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Connecticut Freight Lines See Federal Aid Passing Them By

DON STACOM

July 18, 2010

HARTFORD

The state won't learn until mid-September whether it will get a slice of $600 million in new competitive federal transportation grants, but the share for Connecticut's freight rail system is guaranteed zero.

State transportation officials said last year that the freight lines need nearly $110 million in federal aid to stay competitive, but they skipped the rail system altogether when recommending projects for a new round of Investment Generating Economic Recovery grants on Friday.

The Department of Transportation said that a tightly focused approach gives Connecticut the best chance of landing the so-called TIGER grants. That requires axing requests by seven freight railroads that want to modernize their tracks, ties, signals and bridges, the DOT said.

Kevin Nursick, a department spokesman, said that after consulting with federal officials, the DOT decided on an entirely new strategy with this second round of funding. It is endorsing applications from five cities Hartford, New Haven, Waterbury, Stamford and Bridgeport for local highway and transit projects, and submitting no requests of its own.

"The shotgun approach isn't going to work. We're taking what we learned and applying it," said Nursick, who maintained that the DOT is committed to freight rail improvements.

But the state's freight rail operators, who had hoped to share nearly $110 million in TIGER funds last winter, say it was a mistake to not even try for federal aid now.

"It's ridiculous, in my book," said A.J. Belliveau, owner of the Central New England Railroad. "Wasn't the whole idea of TIGER to bolster private-sector jobs? Freight rail does that. There are no long-term jobs from just endlessly paving roads."

Charles Hunter, government affairs director for Rail America, called the DOT decision "disappointing." His company owns the New England Central, which was ready to go with a $5 million overhaul of its 56-mile-long New London to Massachusetts tracks. The project would link the shoreline to expanding freight yards in Massachusetts, and also could reduce train traffic on the New Haven-to-Springfield main line, where Connecticut hopes to create commuter and high-speed passenger service in the next few years.

"We had our 20 percent matching funds ready. A lot of shippers are very interested in using this line," Hunter said.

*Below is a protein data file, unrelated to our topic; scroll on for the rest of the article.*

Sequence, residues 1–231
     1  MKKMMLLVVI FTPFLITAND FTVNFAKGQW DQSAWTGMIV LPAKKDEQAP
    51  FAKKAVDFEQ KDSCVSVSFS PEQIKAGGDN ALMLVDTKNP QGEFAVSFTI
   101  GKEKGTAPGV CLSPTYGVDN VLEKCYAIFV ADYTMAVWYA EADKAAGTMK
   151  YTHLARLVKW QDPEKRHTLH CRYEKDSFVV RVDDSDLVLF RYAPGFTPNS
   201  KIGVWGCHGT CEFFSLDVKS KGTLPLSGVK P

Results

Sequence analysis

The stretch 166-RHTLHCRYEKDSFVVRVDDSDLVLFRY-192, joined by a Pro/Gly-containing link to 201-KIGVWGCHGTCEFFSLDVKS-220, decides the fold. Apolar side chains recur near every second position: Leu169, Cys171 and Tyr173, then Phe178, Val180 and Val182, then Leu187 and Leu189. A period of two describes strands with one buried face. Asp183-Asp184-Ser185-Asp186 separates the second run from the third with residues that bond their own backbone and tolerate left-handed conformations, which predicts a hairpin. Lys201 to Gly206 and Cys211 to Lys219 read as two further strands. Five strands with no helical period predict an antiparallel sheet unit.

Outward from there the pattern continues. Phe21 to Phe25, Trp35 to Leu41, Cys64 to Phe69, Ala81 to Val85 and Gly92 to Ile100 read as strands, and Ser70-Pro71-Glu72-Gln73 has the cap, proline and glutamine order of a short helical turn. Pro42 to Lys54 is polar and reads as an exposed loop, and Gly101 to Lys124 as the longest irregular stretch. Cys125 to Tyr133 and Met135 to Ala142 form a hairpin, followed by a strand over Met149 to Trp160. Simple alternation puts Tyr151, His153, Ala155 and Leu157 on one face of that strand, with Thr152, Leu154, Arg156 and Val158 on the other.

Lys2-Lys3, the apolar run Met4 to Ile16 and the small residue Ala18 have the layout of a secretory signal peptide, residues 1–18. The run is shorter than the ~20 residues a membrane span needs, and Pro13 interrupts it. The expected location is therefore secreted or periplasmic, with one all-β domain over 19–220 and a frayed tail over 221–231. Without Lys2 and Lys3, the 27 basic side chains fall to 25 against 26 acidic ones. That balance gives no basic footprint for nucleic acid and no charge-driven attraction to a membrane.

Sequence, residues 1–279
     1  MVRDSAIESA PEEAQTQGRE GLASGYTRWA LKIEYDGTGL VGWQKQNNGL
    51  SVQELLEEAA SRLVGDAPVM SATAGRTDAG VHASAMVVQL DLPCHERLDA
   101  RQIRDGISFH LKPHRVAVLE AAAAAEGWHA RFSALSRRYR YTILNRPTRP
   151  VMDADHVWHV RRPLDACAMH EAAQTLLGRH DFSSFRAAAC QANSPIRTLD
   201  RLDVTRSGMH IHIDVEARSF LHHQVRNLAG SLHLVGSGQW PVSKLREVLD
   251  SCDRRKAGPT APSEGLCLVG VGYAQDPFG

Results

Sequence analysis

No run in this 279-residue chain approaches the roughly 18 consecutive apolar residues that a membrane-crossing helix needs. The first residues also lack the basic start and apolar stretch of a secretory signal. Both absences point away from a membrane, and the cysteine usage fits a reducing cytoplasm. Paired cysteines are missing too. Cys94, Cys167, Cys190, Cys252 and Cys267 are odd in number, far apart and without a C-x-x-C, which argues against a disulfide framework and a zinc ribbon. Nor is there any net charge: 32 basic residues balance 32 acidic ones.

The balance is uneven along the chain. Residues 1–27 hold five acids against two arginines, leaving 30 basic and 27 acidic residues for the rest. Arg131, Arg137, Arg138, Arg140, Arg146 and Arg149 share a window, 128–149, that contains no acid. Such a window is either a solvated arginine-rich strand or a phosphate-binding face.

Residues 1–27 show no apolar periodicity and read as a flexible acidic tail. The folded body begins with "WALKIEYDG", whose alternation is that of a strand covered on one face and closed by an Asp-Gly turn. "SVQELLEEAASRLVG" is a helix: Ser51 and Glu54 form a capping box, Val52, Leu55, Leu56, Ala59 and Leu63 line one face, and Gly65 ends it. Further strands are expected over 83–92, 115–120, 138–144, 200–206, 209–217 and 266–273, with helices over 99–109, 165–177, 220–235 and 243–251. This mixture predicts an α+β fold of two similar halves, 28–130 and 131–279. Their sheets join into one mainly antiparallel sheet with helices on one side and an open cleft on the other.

Belliveau's company leases state-owned tracks to run freight between Hartford and north Bloomfield and between Enfield and South Windsor, and he said he's already spent significantly to upgrade them. Last year, the DOT applied for more than $41 million in TIGER funds to replace the tracks, calling the work "a critical piece of the repair needed for the statewide freight rail network."

"We're serving Home Depot in Bloomfield on rail that was rolled in 1896," Belliveau said. "And these are state tracks that we resurrected from abandoned with trees growing [on the railbed]. Come on, we take 25,000 trucks a year off Connecticut highways and we can't get any help?"

One of the chief freight rail advocates in the General Assembly said two weeks ago that he's concerned that the DOT appears to have no comprehensive plan for freight rail. That makes no sense, said Rep. David McCluskey, D-West Hartford, because New York, Massachusetts, Vermont and Pennsylvania are all modernizing their tracks to modern industry standards capable of handling 286,000-pound cars with double-stacked containers.

The DOT's 2009 TIGER application appears to support that. In it, Bureau Chief James Redeker told federal officials: "Numerous upgrades and improvements are still necessary to make the overall system economically viable for the future. In some cases, urgent repairs and upgrades are needed in order to provide a more cost-effective, safe, and sustainable means of efficiently transporting goods." The DOT also said at the time that the work would create 2,200 jobs and foster business development along the lines.

But Connecticut included those jobs with a slew of proposed bridge and highway projects in its 2009 TIGER bid, and was rejected across the board. The Obama administration distributed $1.5 billion among 41 other states; Connecticut and just eight others went away empty-handed. The loss was a political embarrassment for Gov. M. Jodi Rell, the DOT and the congressional delegation.

Reprinted with permission of the Hartford Courant. To view other stories on this topic, search the Hartford Courant Archives at http://www.courant.com/archives.
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